How did I lose my focus? I wanted to be on the cover of Institutional Investor magazine. Well, not the real magazine. There was a photo booth at the conference.
Why was the fake magazine cover so important? Besides being in love with finance, I wanted to get a picture of my handsomeness. Someone who works for NBC even told me I was handsome when I was leaving the event. My response was “I always look handsome” which is a fact.
…So here I am, stepping on the booth while Icahn is just passin’ by!
I was 5-10ft away from the man I admire and I didn’t even see him. I didn’t even notice the cameraman with a strong lighting. I noticed nothing. I was thinking about how I made it to the cover of Institutional Investors magazine and Forbes is next.
Here is the video of me on CNBC for the first time and Carl Icahn on the same screen.
CARL ICAHN: I really think he’s [BILL ACKMAN] a smart guy.
CARL ICAHN: I sort of like him [BILL ACKMAN]. I think he’s smart.
CARL ICAHN: I really believe Ackman being smart
I also think/believe Ackman is smart and so is Icahn.
I didn’t know Icahn was right next to me until I came home. At around 8:40 P.M, I come home. Until 10:24 P.M, I eat my dinner and some snacks, while checking emails and twitter, and reading news.
At 10:24 P.M, I’m scrolling through @CNBCnow twitter and that’s when I saw the video. My reaction was too graphic to describe it here.
The rest is history.
Delivering Alpha 2016 is one of the moments I will forever remember. I really enjoyed the conference and meeting people from the media and hedge fund world.
Although I came late to the conference, at around 1:40 P.M, and missed Ray Dalio, the experience was still amazing. Not just amazing, but also incredible, stunning, astonishing, etc.
Delivering alpha as a concept is all about beating the market. Over the past six years, the investment conference has brought many great investors who got a track record of actually delivering alpha to speak in front of audience.
CNBC and Institutional Investor hosted the annual Delivering Alpha conference at NYC’s Piere Hotel.
I will forever remember this day, September 13, 2016.
So far I met Ben Bernanke, Marcus Lemonis, Chamath Palihapitiyaa (CEO of Social Capital), Bill Ackman, and Carl Icahn. Who’s the next high-profile person I will meet? Janet Yellen? Mario Draghi? Warren Buffett? Stay tuned.
So far I made it to Bloomberg (for real) and Institutional Investors (literally), what’s next? Forbes? WSJ? Time Person of the Year? Stay tuned.
It’s only matter of time before I’m on stage at the Delivering Alpha and media asks me questions. Stay tuned.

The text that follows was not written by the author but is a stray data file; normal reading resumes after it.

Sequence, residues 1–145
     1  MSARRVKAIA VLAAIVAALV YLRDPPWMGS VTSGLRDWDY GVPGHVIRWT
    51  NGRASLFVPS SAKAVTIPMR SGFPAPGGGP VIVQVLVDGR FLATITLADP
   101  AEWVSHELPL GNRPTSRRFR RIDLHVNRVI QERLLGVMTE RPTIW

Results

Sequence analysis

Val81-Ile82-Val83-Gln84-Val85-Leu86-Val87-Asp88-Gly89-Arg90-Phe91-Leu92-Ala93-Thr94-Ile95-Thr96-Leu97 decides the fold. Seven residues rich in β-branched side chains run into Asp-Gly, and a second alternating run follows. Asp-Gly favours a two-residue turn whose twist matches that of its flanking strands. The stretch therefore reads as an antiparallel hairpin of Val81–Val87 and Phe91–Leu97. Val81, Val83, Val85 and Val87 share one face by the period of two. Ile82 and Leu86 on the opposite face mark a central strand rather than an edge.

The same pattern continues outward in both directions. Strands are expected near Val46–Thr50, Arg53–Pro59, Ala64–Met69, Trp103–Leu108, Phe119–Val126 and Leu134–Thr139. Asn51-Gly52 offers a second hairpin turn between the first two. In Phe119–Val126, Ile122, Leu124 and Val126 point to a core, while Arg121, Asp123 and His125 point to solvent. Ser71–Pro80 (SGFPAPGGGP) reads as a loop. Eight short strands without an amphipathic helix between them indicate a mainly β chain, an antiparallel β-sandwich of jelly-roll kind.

Yes, I know markets have been rallying and S&P 500 has been hitting all-time highs. But, remember Brexit?
In case you forgot, the people of United Kingdom voted to leave European Union on June 23rd. Markets then destroyed more than $3 trillion in paper wealth in the next 2 days (Friday and Monday).
After that, market just shook it off. As Taylor Swift says, “Shake It Off.” “It’s gonna be alright.”
The actual businesses and people in the UK just cannot shake, shake, shake, shake, shake,….it off.
The UK job market went into “freefall” as the number of people appointed to full-time roles plunged for a second successive month in July, according to a survey. An index of permanent positions dropped to 45.4 from 49.3 the previous month, the lowest level since May 2009. A number below 50 indicates a decline in placements (contraction). Employers in the survey cited Brexit-related uncertainty.
The same uncertainty that scared away some investors and sit on cash, including me. 91% of investors made money in July as US markets kept hitting record highs, according to Openfolio, an app that allows you to connect and compare your portfolio to 60,000 other investors. Average cash holdings of these investors grew 25% over the past three months leading up to July.
75% of investors lost money in June as Brexit uncertainly weighted in. The portfolio of the majority of investors are tracked with S&P 500. The problem here can be described by Ron Chernow,
As a bull market continues, almost anything you buy goes up. It makes you feel that investing in stocks is a very easy and safe and that you’re a financial genius.
93% of investors lost money in January as the energy prices plunged and uncertainty in China scared investors.